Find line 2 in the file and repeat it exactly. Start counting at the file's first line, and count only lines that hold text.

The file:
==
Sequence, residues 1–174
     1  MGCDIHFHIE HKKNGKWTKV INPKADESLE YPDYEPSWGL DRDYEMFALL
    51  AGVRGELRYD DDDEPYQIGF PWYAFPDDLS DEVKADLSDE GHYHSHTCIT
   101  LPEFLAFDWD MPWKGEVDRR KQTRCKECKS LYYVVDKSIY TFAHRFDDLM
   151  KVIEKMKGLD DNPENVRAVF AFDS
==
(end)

     1  MGCDIHFHIE HKKNGKWTKV INPKADESLE YPDYEPSWGL DRDYEMFALL